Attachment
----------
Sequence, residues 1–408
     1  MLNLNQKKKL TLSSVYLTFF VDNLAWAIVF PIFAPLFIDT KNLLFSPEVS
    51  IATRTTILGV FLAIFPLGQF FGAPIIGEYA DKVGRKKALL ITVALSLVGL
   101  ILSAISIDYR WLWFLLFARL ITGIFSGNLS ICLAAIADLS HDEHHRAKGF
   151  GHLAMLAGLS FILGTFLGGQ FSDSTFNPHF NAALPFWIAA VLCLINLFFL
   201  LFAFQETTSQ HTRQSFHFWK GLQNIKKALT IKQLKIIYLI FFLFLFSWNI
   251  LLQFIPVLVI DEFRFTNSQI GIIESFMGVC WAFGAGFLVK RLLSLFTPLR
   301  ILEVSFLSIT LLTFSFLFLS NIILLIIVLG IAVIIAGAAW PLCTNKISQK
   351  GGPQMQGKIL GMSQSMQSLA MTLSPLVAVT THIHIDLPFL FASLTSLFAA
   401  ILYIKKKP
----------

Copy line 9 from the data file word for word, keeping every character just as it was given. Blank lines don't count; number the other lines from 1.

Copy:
   351  GGPQMQGKIL GMSQSMQSLA MTLSPLVAVT THIHIDLPFL FASLTSLFAA